The trial of the $22 billion National Disability Insurance Scheme in South Australia has twice as many eligible clients as predicted, is 12 months behind schedule and is such a disaster that the federal minister responsible privately calls it the country’s “worst” pilot of the scheme.
The agency delivering the NDIS has sought to hide the extent of the overrun in the state by releasing figures it knows are out of date.
The Australian can reveal the agency now privately concedes that 10,000 children are eligible for the NDIS trial there despite bilateral agreements between the federal and South Australian governments that locked in 5085 places.
The trial, which sought to include children aged from birth to 14, is so woefully behind schedule that planners are still assessing six-year-olds.
As the NDIS intake has been bungled, disability services are drying up elsewhere in the state. The South Australian government has run out of money to adequately fund all its disability obligations as well as the NDIS. The intergovernmental agreements include a clause which states that the commonwealth will pick up the tab for any overruns, but The Australian understands there is now a squabble over who is responsible.
Friction dates back to the negotiations between former prime minister Julia Gillard and South Australian Premier Jay Weatherill. At the time, in 2012, South Australia provided its projections for the number of children who would be eligible, at slightly more than 5000.
But the federal government had done an internal actuarial assessment of the number eligible and that figure was about 11,000 children. This work has never been made public.
Despite having serious reservations, Ms Gillard was keen for a political deal and the agreements were signed with the dramatically lower number.
Federal Assistant Social Services Minister Mitch Fifield has made some extra money available to make up for the error but expects the South Australian government to also pitch in because its figures were so wide of the mark. The state government, however, has refused to budge.
The chairman of lobby group Disability Speaks, David Holst, saidthe standoff between the governments was “chronically unhealthy” for the affected families and children. “There is a significant risk the rest of the rollout supposed to start in 2016 will be delayed,” he said. “Clearly the state and the federal government need to do a deal, a compromise, and it should have been done a long time ago.”
A Department of Social Services spokeswoman said talks between the two parties were still under way. “In the meantime, the commonwealth government recently provided an additional $72 million to address the backlog,’’ she said. “The commonwealth and South Australia are endeavouring to finalise transition agreements by the end of August … to support the national rollout of the scheme.”
The South Australian government disputes this figure. State Disabilities Minister Tony Piccolo conceded it was unfortunate that “people who should have transitioned to the NDIS ... are still waiting”.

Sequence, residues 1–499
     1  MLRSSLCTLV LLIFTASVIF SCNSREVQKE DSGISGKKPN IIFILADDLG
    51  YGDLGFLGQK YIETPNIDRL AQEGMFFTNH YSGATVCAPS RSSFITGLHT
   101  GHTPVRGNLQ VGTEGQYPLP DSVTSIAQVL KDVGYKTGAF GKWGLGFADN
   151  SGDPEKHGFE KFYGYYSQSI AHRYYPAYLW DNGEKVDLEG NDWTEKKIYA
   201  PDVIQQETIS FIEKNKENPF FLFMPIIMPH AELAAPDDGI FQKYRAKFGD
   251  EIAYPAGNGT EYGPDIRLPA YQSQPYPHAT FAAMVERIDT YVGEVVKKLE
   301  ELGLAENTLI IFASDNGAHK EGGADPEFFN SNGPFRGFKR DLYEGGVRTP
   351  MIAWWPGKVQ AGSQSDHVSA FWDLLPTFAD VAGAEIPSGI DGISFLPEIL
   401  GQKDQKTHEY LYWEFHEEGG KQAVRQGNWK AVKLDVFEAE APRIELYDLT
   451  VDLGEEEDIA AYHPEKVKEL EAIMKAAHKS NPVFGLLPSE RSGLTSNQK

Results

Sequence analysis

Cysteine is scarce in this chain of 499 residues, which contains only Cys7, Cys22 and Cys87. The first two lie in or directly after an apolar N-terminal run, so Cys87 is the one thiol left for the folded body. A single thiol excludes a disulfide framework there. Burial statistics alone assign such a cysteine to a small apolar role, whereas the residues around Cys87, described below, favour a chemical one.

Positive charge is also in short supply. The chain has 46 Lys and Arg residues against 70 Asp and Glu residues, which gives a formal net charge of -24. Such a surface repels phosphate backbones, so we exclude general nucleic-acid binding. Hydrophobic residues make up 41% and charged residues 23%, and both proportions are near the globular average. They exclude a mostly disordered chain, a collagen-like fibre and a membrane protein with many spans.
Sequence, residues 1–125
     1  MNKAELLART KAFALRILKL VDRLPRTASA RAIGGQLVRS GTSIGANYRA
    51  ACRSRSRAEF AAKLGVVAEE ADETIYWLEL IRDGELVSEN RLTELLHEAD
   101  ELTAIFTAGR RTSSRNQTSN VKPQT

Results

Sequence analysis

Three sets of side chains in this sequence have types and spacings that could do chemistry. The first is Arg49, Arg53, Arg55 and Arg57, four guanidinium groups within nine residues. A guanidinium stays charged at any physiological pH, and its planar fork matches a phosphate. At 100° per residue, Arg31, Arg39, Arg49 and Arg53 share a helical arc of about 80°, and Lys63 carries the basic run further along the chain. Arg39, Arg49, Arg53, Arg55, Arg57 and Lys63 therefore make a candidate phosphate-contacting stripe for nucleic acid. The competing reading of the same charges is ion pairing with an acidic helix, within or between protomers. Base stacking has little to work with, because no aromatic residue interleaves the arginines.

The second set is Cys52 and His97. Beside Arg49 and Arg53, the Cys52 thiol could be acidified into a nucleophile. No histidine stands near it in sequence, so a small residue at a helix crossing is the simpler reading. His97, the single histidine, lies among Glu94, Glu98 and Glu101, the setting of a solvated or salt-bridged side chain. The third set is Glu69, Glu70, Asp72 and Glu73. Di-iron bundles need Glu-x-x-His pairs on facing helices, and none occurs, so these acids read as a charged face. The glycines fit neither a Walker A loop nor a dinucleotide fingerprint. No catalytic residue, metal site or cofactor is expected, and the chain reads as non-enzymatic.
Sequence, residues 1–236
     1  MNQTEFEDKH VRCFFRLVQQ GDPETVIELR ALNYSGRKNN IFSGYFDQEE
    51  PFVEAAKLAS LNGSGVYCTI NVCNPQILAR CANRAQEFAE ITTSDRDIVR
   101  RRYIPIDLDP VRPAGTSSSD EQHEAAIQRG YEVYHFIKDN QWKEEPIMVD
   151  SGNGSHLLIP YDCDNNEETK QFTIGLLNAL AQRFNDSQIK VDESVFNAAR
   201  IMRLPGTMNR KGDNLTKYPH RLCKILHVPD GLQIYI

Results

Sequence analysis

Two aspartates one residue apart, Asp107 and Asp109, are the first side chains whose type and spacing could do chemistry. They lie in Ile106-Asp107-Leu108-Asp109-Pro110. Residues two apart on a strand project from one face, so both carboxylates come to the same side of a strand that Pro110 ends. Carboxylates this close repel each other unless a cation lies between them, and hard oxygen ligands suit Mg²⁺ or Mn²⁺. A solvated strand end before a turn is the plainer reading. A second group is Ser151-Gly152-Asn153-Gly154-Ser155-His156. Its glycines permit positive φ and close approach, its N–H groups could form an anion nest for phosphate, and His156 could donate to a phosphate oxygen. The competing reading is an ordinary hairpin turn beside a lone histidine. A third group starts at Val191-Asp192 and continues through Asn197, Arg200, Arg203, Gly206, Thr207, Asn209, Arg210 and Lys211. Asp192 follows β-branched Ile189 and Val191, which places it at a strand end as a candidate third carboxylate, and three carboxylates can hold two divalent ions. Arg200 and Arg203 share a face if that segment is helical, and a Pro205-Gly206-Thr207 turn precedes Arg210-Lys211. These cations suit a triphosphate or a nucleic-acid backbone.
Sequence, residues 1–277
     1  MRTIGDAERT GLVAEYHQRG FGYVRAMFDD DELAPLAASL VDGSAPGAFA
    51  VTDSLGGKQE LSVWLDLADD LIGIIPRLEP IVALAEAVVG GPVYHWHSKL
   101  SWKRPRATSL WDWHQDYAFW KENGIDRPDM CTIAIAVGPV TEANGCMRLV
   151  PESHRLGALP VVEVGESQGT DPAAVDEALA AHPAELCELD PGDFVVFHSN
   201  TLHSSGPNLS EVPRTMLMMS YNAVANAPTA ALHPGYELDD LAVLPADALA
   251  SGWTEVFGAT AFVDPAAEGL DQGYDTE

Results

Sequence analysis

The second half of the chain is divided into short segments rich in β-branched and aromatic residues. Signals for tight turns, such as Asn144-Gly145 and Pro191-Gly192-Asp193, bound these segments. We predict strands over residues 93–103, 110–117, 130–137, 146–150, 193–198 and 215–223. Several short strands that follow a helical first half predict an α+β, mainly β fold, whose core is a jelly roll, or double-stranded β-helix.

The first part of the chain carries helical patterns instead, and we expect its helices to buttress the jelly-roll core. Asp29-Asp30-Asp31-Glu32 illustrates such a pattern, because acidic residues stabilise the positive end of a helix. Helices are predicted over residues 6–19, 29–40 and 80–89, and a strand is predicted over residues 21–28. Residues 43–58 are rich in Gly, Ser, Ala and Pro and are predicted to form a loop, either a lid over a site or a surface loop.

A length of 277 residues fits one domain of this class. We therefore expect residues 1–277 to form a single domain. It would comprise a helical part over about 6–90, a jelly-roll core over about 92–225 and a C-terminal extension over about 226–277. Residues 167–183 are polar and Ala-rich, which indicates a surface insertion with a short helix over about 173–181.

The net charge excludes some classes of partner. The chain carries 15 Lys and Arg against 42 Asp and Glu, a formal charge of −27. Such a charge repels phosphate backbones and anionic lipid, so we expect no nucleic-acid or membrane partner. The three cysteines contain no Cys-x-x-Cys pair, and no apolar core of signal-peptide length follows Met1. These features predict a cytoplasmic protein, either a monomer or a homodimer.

“This is because the federal government is not funding the trial as was agreed,” he said. “The state government is calling on the Abbott federal government to honour the bilateral agreement and fully fund the trial here in South Australia. This will reduce the delay for those who are waiting to transition to the trial.”
The National Disability Insurance Agency is aware of the bungle and its staff has been telling people in the disability sector that there are now about 10,000 children eligible for the trial but refused to answer detailed questions from The Australian.
Instead, it cited old figures from March that 3212 children had NDIS plans and referred to the now universally discredited bilateral agreement.
“According to the bilateral agreement between the commonwealth and the South Australian government, 5085 kids will be part of the scheme by the end of the trial,” a spokesman said.
Dignity for Disability Party’s Kelly Vincent, a member of the South Australian parliament, said both sides needed to swallow their pride and fix the mess.
Editor notes: Currently, 40% of NDIS participants in South Australia have autism as their primary disability. Problems with NDIA estimates of numbers were known before the NDIS trials started in South Australia ... see
- Disability report chronically understates ASD diagnoses and
- the first footnote to Autism/ASD prevalence in Australia
Both the NDIA and the South Australian Government were told emphatically that the initial estimates for the NDIS were wrong. They both chose to ignore those warnings. Both Governments have only themselves to blame: blaming each other is juvenile behaviour ... and while they waste time bickering they deprive very vulnerable people of services and supports that are by definition "necessary".
- http://www.disabilityspeaks.com.au/mr/Th... ,
- the previous blow-up over this same issue: unacceptable political games over early intervention for children with disability.